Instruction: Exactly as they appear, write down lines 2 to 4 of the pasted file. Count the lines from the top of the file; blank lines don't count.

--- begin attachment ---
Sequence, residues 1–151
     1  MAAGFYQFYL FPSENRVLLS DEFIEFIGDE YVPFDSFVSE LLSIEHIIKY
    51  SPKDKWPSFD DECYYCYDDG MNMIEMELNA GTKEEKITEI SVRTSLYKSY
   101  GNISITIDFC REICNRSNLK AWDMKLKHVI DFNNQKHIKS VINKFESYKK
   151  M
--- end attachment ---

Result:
     1  MAAGFYQFYL FPSENRVLLS DEFIEFIGDE YVPFDSFVSE LLSIEHIIKY
    51  SPKDKWPSFD DECYYCYDDG MNMIEMELNA GTKEEKITEI SVRTSLYKSY
   101  GNISITIDFC REICNRSNLK AWDMKLKHVI DFNNQKHIKS VINKFESYKK